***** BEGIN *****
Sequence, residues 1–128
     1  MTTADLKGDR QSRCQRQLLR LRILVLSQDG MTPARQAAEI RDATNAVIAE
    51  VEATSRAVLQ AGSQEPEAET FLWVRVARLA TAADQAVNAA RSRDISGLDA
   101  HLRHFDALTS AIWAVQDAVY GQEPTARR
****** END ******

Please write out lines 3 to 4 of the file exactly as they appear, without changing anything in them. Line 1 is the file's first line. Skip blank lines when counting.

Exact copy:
    51  VEATSRAVLQ AGSQEPEAET FLWVRVARLA TAADQAVNAA RSRDISGLDA
   101  HLRHFDALTS AIWAVQDAVY GQEPTARR